Photo courtesy: Tennessee State Museum

NASHVILLE, Tenn. — The first celebration of Black History Month dates to Feb. 7, 1926 and a writer-historian named Carter G. Woodson.

Known as the Father of Black History, Woodson first launched Negro History Week, which eventually came to be known as Black History Month, to extend and deepen the study and appreciation of African American history year-round.

Black History Month was an immediate hit in schools and in public spots across the country.

This spirit of contemplation and celebration continues today. At The Community Foundation of Middle Tennessee, our Give Black, Give Back initiative offers a host of opportunities to study more about the Nashville area’s rich history and to support present-day Black philanthropy, businesses and culture:

Changemakers Interview Series. The online video series highlights individuals dedicated to furthering the progress of our Black community by uplifting and empowering those they are committed to serving. Subjects include: restaurateur Mrs. Andre Prince Jeffries, owner of hot chicken originator Prince’s Hot Chicken; the late Dr. Paul Kwami, longtime musical director of the renowned Fisk Jubilee Singers, who passed away on Sept. 10, 2022; ; educator Robert Churchwell Jr., whose father, Robert Churchwell Sr., is known as the “Jackie Robinson of Journalism”; Rev. Dr. Kelly Miller Smith Jr., son of Civil Rights leader Rev. Dr. Kelly Smith Sr.; and Mrs. Rosetta Miller Perry, Civil Rights activist and owner-publisher of The Tennessee Tribune newspaper.

Kia Jarmon and Lisa Swift-Young, Give Black, Give Back initiative co-chairs and philanthropy advisors, will host a Facebook Live, Thursday, February 16 in honor of Black History Month. CFMT and Give Black, Give Back also will be providing additional content for “Kids of All Ages” and Friday Facts about several former CFMT contributors and Board of Directors members who made an impact in our community.

Give Black, Give Back recognizes donors and the variety of ways they give, not only large gifts, but also the volumes of small gifts and collective giving Black families, churches and civic organizations provide that are making a broad impact. For a list of Black-led charitable funds to support, go to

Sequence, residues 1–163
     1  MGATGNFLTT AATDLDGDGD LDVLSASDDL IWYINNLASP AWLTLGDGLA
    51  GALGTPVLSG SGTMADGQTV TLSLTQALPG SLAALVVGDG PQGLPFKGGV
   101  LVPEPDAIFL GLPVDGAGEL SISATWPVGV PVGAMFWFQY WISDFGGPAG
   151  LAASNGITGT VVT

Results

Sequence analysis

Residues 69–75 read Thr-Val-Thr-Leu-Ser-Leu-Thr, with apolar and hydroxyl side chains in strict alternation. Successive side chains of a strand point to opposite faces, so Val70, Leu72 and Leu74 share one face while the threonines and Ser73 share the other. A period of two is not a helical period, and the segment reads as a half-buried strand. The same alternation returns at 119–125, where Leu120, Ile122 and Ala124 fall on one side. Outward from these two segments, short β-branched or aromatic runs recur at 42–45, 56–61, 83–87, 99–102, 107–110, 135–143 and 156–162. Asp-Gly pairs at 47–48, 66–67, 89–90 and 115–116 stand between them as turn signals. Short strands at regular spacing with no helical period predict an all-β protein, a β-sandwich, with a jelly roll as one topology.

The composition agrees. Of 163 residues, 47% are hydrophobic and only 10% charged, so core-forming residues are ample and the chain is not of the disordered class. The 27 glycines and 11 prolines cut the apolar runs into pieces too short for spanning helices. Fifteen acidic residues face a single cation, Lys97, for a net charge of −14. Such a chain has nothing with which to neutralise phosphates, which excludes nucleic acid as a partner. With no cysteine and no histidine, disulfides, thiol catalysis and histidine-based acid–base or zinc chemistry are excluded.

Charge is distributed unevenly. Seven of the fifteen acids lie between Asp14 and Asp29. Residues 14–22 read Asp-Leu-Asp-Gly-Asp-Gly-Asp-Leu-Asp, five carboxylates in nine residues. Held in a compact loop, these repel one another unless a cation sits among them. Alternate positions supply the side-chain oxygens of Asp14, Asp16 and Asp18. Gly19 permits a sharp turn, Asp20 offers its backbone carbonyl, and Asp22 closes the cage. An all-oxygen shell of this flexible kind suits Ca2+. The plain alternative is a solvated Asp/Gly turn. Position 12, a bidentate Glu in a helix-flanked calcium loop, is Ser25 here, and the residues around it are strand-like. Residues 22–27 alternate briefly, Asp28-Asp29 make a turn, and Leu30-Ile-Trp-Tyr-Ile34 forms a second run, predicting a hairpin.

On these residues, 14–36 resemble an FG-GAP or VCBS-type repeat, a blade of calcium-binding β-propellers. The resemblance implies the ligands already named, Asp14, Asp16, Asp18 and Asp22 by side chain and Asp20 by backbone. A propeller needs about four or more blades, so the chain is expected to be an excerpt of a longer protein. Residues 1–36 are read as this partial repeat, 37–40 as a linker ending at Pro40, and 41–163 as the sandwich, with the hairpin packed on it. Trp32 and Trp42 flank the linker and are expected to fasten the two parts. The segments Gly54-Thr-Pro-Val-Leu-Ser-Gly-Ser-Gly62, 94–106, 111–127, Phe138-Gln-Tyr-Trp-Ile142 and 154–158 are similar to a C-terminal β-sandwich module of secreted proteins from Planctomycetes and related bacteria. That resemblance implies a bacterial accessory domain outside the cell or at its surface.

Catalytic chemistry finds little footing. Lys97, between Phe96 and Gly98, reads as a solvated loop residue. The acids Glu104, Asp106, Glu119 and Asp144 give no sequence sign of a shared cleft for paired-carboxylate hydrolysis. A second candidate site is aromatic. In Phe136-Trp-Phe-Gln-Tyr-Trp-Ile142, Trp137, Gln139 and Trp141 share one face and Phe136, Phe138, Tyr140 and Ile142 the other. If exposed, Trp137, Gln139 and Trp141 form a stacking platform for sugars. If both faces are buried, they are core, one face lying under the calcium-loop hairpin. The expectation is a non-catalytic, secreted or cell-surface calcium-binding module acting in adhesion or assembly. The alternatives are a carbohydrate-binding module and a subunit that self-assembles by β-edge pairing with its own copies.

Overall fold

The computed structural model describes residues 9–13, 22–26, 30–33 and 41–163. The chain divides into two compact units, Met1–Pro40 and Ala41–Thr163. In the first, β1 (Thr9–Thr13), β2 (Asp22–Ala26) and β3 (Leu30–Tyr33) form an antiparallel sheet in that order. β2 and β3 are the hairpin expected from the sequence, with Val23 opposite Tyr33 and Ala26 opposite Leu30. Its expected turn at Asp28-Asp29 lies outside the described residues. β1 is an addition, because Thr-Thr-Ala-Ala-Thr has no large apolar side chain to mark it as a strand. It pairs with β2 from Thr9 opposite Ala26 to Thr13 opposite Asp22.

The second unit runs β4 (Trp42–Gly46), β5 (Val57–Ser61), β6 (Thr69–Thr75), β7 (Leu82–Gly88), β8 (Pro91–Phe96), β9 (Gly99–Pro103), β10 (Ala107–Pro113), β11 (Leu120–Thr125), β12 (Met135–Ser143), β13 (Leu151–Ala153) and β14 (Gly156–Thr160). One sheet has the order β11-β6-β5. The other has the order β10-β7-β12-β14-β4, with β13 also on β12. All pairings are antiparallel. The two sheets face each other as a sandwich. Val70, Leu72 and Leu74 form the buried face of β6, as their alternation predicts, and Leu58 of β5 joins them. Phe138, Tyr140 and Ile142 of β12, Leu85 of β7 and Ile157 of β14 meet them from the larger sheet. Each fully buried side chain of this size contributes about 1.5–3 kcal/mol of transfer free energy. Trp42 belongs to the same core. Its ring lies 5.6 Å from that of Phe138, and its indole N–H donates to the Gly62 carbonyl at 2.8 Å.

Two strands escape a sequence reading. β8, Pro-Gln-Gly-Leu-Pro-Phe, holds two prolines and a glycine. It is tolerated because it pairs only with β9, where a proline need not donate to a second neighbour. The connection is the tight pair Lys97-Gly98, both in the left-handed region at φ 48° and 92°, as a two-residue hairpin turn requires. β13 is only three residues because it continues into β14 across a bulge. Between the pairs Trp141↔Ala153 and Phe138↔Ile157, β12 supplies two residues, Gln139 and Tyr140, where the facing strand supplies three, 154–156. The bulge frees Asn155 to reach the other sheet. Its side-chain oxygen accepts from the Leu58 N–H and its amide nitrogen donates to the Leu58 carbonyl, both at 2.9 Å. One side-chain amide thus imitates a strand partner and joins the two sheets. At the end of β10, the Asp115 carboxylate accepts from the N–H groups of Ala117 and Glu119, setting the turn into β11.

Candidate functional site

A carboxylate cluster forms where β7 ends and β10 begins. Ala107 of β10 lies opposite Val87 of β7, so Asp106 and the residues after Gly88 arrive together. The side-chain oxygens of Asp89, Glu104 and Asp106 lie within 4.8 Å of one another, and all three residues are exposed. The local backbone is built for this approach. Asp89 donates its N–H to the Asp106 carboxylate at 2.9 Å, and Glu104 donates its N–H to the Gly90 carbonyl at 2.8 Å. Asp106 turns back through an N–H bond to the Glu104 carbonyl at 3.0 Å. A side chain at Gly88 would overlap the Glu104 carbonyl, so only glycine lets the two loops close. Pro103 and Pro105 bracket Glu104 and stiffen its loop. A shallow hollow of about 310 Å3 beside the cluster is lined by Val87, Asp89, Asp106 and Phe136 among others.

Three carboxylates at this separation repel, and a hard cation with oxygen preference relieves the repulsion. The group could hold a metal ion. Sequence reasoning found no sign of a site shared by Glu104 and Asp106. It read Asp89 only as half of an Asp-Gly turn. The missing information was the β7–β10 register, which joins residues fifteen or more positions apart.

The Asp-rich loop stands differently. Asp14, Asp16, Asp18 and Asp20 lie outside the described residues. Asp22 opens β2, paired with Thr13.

The Nashville area presents a host of opportunities for celebrating Black History Month, both with special events in February and year-round. Highlights include:

— Downtown Nashville’s National Museum of African American Music (NMAAM) celebrates its second birthday with the exhibit “This Is Hip Hop,” a yearlong celebration of the 50th anniversary of hip-hop. The downtown museum. The exhibit explores the history and evolution of hip-hop genre through the lens of four renowned photographers who have documented hip-hop artists and hip-hop culture throughout the years.

The museum’s Nissan Free Wednesday promotion, which occurs the first Monday of each month, occurs on Wednesday, Feb. 1 to conveniently coincide with the beginning of Black History Month. Admission is free throughout the day. For more information, go to the museum’s website.

— Just blocks away from the museum, one of the most heralded exhibits in the history of the Country Music Hall of Fame and Museum can now be seen and heard again after a nearly 20-year absence. “Night Train to Nashville,” which was physically featured in a 5,000-square foot exhibition space from March 2005 to December 2005, explored Nashville’s vibrant and pioneering R&B scene that burnished Music City’s worldwide reputation in the post-World War II era from 1945-1970. An album of the same name won the Grammy Award for Best Historical Album in 2004.

Thanks to a major grant from the National Endowment for the Humanities, the online exhibit revisits, updates and preserves the museum’s award-winning physical exhibit of the same name. Ray Charles, Arthur Alexander, Ruth Brown, Bobby Hebb, Jimi Hendrix, Etta James, Robert Knight and Little Richard are just some of the epic Black performers who emerged from that musical scene, which was centered along then-thriving Jefferson Street and environs in long-defunct nightclubs such as the New Era Club.

The exhibit is now available to access for free on the museum’s website. The Hall will also display a physical “Night Train to Nashville” exhibit in its galleries in January 2024 to mark the 20th anniversary of the original exhibit.

For an extensive listing of events and other things to do, see and experience during Black History Month, go to CFMT initiative

About The Community Foundation of Middle Tennessee

The Community Foundation exists to promote and facilitate giving in the 40 counties of Middle Tennessee and beyond. It does this by accepting gifts of any size from anyone at any time and by empowering individuals, families, companies, nonprofits, and communities to respond to needs and opportunities that matter. The Community Foundation works with people who have great hearts, whether or not they have great wealth, to craft solutions that reflect the intentions and goals of their charitable endeavors. For more information, call 615-321-4939 or visit